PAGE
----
A closer look at popularity

July 24, 2019

In the last post, Which parks are the most popular?, we took a look at park popularity using a plot of mean visits per capita vs. visits per capita change rate divided into quadrants. In this post, let’s take a look at four parks in each of the quadrants. Quadrant image

Quadrant I - Highest visits and increasing

The parks in Quadrant I have the highest mean visits per capita since 1967* and an increasing visit change rate since that year. The plot below shows the data for four of these parks.
*1967 is the first year in which total national park visits per capita declined since the end of WWII. I am using 1967 as the starting year of stablized park visitation numbers.

Plot image

Glacier and Yellowstone show visits per capita bouncing around a per capita rate of .006 and .011 respectively with a steady increase over time. Zion shows a real change - a very steady increase up to Yellowstone levels, and still climbing. Zion actually is the park with the maximum per capita visit change rate of all the national parks. Having been there, I can attest to its massive popularity. It is amazingly beautiful and crowded - a challenge for the NPS. One of these things is not like the others, and this is Cuyahoga Valley National Park. Its popularity is not increasing, in fact, visits per capita have been going down for some time. CVNP experienced a huge surge in visits in 2000 when it was redesignated from a national recreation area to a national park. Since then, per capita visists have been declining, but that initial surge is still driving the regression line upward. It looks like a change to my methodology of determining popularity is in order. Instead of calculating the regression line beginning in 1967 when visits per capita started to stablize, I may want to use a later date to give greater weight to recent visit numbers.

Quadrant II - Lowest visits and increasing

The parks in Quadrant II have mean per capita visits in the bottom half, but an increasing visit change rate indicating that their popularity is on the rise. The plot below shows the data for four of these parks.

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We see two of the Utah parks in the top row. Arches and Capitol Reef National Parks have a visits per capita rate firmly on the rise. Joshua Tree, in California and close to Los Angeles, is even more drastically on the rise and the jump over the past few years is pretty incredible, this is one to keep an eye on. At first glance, Virgin Islands National Park doesn’t seem to belong in this group. Visits bounced around a stable level from about 1980 on until 2017 when the island was devastated by two hurricanes and visits went way down. The high numbers prior to 2017 keep the per capita visit rate on the upswing and I would expect this park to recover to prior year levels.

Quadrant III - Lowest visits and declining

The parks in Quadrant III have mean per capita visits in the bottom half and their visit change rate is declining. The plot below shows the data for four of these parks. Some of the parks in this quadrant, like Isle Royale, an island in the middle of Lake Superior, are not a surprise - they are difficult to get to!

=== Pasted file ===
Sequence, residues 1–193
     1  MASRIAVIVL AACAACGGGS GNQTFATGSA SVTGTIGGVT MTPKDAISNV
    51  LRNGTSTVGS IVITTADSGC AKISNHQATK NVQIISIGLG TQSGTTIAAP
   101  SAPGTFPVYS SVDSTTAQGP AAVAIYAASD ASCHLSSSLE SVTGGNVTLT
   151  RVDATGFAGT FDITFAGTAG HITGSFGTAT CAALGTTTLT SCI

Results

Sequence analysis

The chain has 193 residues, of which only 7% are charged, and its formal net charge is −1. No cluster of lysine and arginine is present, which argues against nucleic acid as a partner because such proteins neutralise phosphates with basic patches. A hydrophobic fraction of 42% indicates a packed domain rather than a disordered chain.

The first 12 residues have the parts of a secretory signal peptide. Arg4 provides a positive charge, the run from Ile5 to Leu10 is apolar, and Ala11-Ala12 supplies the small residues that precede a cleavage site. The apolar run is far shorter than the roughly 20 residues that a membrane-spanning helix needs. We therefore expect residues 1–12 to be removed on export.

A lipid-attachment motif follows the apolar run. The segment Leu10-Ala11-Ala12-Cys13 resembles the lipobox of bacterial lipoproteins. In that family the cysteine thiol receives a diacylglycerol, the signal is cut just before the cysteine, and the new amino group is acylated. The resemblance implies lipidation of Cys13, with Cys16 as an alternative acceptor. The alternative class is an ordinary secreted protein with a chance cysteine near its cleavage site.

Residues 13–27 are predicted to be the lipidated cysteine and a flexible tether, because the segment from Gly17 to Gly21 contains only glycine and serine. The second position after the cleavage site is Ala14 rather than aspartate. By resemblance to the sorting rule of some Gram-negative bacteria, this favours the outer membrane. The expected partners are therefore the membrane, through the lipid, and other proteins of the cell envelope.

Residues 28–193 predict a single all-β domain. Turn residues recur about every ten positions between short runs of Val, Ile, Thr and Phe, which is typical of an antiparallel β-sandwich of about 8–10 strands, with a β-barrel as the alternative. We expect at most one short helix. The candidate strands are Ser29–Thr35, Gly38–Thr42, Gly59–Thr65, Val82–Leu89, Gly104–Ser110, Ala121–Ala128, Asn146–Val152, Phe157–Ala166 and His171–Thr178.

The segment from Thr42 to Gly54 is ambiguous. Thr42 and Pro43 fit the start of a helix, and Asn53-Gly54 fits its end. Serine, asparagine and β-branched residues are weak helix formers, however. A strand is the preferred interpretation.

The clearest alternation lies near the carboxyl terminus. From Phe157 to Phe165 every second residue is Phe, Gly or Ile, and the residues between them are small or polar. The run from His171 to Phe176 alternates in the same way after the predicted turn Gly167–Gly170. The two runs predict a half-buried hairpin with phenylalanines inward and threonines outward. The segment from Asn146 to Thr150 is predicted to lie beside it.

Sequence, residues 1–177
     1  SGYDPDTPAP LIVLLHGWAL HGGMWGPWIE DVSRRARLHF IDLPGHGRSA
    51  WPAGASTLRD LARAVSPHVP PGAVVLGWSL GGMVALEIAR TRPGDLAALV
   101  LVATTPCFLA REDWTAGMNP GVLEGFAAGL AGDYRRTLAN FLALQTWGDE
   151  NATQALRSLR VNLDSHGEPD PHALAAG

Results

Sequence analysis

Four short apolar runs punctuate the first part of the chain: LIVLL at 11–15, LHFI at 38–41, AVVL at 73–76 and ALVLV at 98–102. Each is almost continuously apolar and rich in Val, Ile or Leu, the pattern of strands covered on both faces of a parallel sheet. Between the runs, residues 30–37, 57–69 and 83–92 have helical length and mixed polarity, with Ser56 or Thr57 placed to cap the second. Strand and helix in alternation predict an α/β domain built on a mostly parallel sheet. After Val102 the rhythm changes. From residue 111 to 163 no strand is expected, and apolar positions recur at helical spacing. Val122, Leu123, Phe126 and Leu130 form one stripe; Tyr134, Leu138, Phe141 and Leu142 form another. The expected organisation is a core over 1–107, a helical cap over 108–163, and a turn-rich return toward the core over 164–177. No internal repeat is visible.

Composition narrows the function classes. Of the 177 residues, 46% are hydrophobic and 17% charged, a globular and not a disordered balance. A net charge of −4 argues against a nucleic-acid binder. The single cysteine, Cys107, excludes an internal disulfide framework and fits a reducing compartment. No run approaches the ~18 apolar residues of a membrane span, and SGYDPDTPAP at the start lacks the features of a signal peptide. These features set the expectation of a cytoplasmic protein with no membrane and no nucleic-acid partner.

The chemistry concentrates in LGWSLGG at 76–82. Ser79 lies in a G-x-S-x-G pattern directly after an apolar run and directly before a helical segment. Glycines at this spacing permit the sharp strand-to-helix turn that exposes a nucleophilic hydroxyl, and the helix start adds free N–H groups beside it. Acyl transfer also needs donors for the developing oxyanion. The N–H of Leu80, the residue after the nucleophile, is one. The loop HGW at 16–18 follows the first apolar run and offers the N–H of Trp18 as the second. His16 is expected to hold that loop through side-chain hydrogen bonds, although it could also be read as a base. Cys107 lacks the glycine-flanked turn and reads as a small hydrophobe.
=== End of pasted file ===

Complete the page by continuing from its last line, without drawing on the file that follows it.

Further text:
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Pinnacles and Redwood actually seem to be holding fairly steady. Their per capita change rate looks like it could go either way over the next years. I am surprised that more people don’t actually visit Redwood National Park. It is so famous, but it is far away from any major urban areas which keeps the numbers down. Carlsbad Caverns and Everglades have a definite downturn in per capita visits. This would take more research to determine the reason. Perhaps caves aren’t very interesting right now because it is difficult to take Instagram photos while in them? Maybe too many mousquitoes in Florida?

Quadrant IV - Highest visits and declining

The parks in Quadrant IV have mean per capita vistis in the top half with a declining visit change rate. The plot below shows the data for four of these parks.

Plot image

Acadia National Park discovered an error in their visitor counting procedures leading to the sharp decline around 1990. Otherwise, it seems to be holding fairly steady, a better look at this park could be had with a change in my methodology, and perhaps only look at visit change rate since 1990 instead of 1967 - a topic for a future blog post. Grand Teton had a big dip in the 1980s but seems to have recovered. Both Mammoth Cave and Shenandoah are definitely on the downswing. Perhaps Mammoth Cave is suffering from the same cave effect as Carlsbad Caverns? This is something worth looking into. Shenandoah’s numbers are a mystery to me. It has the most negative per capita visit change rate of any of the national parks. It is close to major urban areas and is a beautiful, accessible park, so why would the visits per capita rate be going down?

Data Sources

The list of 419 official park units (as of 5/1/2019) broken out by designation comes from the National Park System page at nps.gov. Park visit data from the report, “Annual Summary Report (1904 - Last Calendar Year)” found on the NPS Stats website. 2010-2018 U.S. population data from the U.S. Census Bureau American Fact Finder. 1900-2009 U.S. population data from State Intercensal Tables found on www.census.gov.

Using the Scripts

Instructions to run the scripts are found in the readme in the GitHub repository found here.


Written on July 24, 2019